Monday, July 28, 2008


Let me begin this entry by sharing the fact that we are low on funds in the L/L Research account. We have had massive bills both on tractor repair and on truck repair, plus buying insuranace for the truck, in this last month. They will help Melissa on Avalon a whole lot, but they have been expensive to restore to working condition. We now have only enough in the bank to pay Gary, Melissa and Pam for another week.

I had hoped that we could squeak through until Homecoming, when people will be adding attendee fees to fatten the account, but it doesn't look like the money will stretch. So if you have been feeling particularly fond of our material and service lately, please consider donating! Thank you so much!

It was scorching-hot today, making my offering of singing in the choir at St. Luke’s an offering of perspiration as well as love and devotion to Jesus.

It was great to see Lydia back at church. She was born with abnormalities in her jaw which could not be corrected until her body had matured to a point near enough adulthood so that the operation would work, and that day finally came. The operation went well, but then she had to endure 6 weeks of having her jaw wired shut and eating through a straw. I was so glad to see her back!

However, despite her return to the soprano section, I was asked to sing soprano too, and there were high A’s in the offertory. Fortunately I was having a soprano day and was able to do my part with the sweet song, “Wrap Me in Thy Spirit’s Tether”.

Mick had the house sparkling when I returned, and over lunch we saw our first of three films, Vantage Point. Starring Dennis Quaid as a somber-faced, steely-eyed Special Services agent guarding the President of the United States, ably played by William Hurt, the thriller used the device of looking at a catastrophic terrorist attack involving the shooting of the President and the bombing of a Spanish building during an anti-terrorism summit in Salamanca from several different points of view. Layer upon layer of intrigue was added as we saw the same 23 minutes from half a dozen witnesses’ points of view.

The film was a dandy, with excellent ensemble performances backing Quaid’s iconic performance by Matthew Fox, Forest Whitaker, Edgar Ramirez, Saïd Taghmaoui, Ayelet Zurer, and Sigourney Weaver. Forest Whitaker offered an especially moving portrayal of a civilian whose camera becomes a plot point and who saves a little girl who inadvertently helps resolve the threat.

The real star of this film was the writer of the screenplay, Barry Levy. His writing was brilliant, Oscar-calibre. The production values were excellent, the direction was taut and it came in at just over an hour and a half long. I loved this film!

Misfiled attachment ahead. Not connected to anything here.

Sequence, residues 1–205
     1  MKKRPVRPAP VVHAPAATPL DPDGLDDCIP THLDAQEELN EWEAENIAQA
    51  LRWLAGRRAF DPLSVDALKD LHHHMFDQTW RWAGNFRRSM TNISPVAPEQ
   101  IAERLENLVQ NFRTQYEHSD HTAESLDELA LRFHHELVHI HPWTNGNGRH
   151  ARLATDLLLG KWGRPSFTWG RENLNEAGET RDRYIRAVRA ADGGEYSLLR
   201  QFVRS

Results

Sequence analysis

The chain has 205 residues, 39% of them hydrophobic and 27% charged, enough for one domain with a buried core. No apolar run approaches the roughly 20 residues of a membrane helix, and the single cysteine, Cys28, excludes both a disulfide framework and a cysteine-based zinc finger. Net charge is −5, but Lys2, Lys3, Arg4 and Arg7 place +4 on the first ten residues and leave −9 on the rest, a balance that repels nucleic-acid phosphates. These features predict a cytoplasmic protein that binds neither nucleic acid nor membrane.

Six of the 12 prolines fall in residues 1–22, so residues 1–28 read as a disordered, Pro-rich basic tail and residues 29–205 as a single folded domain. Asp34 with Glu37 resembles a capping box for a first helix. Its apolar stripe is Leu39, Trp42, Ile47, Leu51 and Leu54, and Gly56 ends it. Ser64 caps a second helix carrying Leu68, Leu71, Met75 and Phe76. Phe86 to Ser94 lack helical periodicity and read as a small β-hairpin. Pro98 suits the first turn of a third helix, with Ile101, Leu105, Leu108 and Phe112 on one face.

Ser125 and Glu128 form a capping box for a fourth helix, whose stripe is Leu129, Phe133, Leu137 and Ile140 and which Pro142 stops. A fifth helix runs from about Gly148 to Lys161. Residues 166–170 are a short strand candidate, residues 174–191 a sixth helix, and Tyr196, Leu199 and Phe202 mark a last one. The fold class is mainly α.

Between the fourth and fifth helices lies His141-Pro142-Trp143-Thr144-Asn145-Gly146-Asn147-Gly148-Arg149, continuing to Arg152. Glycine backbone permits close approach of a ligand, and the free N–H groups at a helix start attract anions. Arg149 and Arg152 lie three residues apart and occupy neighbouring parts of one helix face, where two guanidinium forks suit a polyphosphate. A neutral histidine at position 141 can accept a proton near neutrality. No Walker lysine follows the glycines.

Melissa came down from Avalon and we watched the second feature together with her. It was Honeydripper, an evocative, richly musical film about the American deep south of the ‘50s. Danny Glover plays the owner of the Honeydripper Lounge while Stacey Keach reaches new extremes of stereotypical bullying as the town sheriff, who is determined to run Glover’s character out of business. His performance was highly evocative of Ben Gazzara's in the Patrick Swayze film, Roadhouse.

In fact the film is a web of stereotypes and fails to say anything new about the abysmal prejudices of southern small towns. However the film is saved by the music and the thoughtful, fully formed characterizations of Glover and the skilled ensemble that surrounds him, which includes Lisa Gay Hamilton, Yaya Dacosta, Charles S. Dutton and Vondie Curtis Hall.

Melissa had sad news for us. Avalon’s rooster, Russell Crow, escaped yesterday from the coop and crossed the creek, disappearing into the woods. All of Mel’s attempts to round him up only made him run further. She found a pile of feathers this morning which indicated that a coyote had gotten him overnight. Since we lost two of the chickens to an infection a couple of weeks ago, it was doubly sad.

So we offered a memorial service for our feathered babies, using the Episcopal Church’s rite for the funeral of a child. At the end I sang “Old Blue”, a southern folk song derived from the Childe ballad, “Who Killed Cock Robin”. To paraphrase, “Here, Russell, you good rooster, you!”

Our last home-screened film of the evening was Grace is Gone. I loved this film! John Cusack plays a man whose wife has been killed in the line of duty while she is serving in the Army in Iraq. His performance was superb. I have never seen him act this well. As he struggles to find the words to tell his children about their Mom’s death – and fails for almost the entire films to communicate what is on his heart – he uncovers layer after layer of character and illumines his portrayal with emotional depth and loving insight.

His two children are played beautifully by the young actresses Shelan O’Keefe and Gracie Bednarczyk. The music was especially effective and when the credits ran, I found that Clint and Kyle Eastwood were responsible for the understated, non-intrusive and perfectly tasteful background which consisted largely of piano pieces. And the screenplay, direction and cinematography were splendid.

Over dinner we decided to watch yet another film on the tube, Jerry McGuire, a film about communication also, but with a far different timbre in the telling. I’ve seen this film before and liked it. The second viewing just deepened my appreciation of the performances by Tom Cruise, Cuba Gooding, Jr. and Renee Zellweiger. It takes Cruise the whole length of the movie to get his athlete the right contract and to say, “I love you,” to his girl. And he makes you want to cheer when he does both. It is a most endearing film.

Gary joined us for supper and the last film and offered the closing prayer at the Gaia Meditation tonight.